THE MAHARAJAS OF ALWAR: As a result of their relatively junior status, perhaps, the maharajas of Alwar conducted themselves with great ostentation: their palaces were the most ornate, their pageantry the most spectacular, and their tiger shikars the most elaborately organized. They even affected the title of Saiwai, “ the one – and –a – quarter,” following their grander cousins from Jaipur. It was this innate desire on their part to outshine their fellow princes that made Altar the picturesque place it is today, with its splendid palaces. But since Altar was a poorer state than many others were, the maharajas also made themselves fairly unpopular with their subjects in the process. Altar and its surrounding areas are one of the most interesting and undiscovered parts of Rajasthan. And one of the things that contributes towards making it so are the tales of Maharaja Jai Singh (reigned 1892 – 1937), its brilliant but weird ruler in the early part of this century.
CITY PALACE: The city palace (“Vinay Vilas”, as it is officially called) (left) was built in 1793 by Raja Bakhtawar Singh at the foot of a rugged, towering hill and added to over the centuries by his successors. The palace is a marriage of Rajput and Mughal styles – an almost baroque profusion of arches, balconies, pavilions and porticos, with an accent on bangaldar caves; with seem characteristic of northeastern Rajasthan. Once, this palace was part of the Maharajas’ ornate lifestyle and housed, among other things, a drinking cup cut out of a single emerald in its treasury and a mammoth, double storied, four elephant carriage in its stables. Today, however, the palace has been converted into the district’s collectorate, and its halls and chambers have been turned into government offices.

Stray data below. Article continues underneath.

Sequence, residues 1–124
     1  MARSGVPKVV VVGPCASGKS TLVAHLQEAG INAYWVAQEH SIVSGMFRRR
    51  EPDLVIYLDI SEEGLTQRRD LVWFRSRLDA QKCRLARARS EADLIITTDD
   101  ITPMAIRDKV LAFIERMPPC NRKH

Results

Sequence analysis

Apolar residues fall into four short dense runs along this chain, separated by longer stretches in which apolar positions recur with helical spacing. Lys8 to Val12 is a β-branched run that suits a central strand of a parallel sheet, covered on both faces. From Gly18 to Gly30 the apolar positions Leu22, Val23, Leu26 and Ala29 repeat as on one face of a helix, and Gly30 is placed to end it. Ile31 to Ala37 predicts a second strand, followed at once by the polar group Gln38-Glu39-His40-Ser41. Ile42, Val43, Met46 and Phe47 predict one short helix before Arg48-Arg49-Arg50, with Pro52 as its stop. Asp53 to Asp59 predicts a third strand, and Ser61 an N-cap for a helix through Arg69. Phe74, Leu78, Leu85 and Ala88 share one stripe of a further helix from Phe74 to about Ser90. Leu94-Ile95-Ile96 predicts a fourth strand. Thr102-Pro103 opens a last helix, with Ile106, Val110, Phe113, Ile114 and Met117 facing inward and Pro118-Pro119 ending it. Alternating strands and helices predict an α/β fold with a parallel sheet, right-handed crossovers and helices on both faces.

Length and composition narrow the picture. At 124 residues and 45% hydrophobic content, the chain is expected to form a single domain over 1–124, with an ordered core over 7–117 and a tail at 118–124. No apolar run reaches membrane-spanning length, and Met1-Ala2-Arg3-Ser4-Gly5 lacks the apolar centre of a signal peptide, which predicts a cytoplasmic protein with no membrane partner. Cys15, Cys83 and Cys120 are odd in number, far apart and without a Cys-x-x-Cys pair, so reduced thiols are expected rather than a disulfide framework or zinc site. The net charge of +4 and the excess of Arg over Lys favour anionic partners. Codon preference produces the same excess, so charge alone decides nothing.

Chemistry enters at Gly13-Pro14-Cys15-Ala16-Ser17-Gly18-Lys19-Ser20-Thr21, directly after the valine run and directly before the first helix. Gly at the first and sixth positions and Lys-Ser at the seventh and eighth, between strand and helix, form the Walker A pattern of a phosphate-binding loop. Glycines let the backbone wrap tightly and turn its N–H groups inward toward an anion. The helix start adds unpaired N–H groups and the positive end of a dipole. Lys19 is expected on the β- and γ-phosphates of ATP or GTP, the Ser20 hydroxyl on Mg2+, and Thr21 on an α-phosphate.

CENTRAL COURTYARD: The central courtyard of the palace (below) is impressive, with its graceful marble pavilions set on lotus – flower bases, its inner walls lined with canopied balconies and its dramatic marble checkerboard floor. Once dancing girls performed here by moonlight, but today it is often the venue for rowdy teenagers’ cricket matches.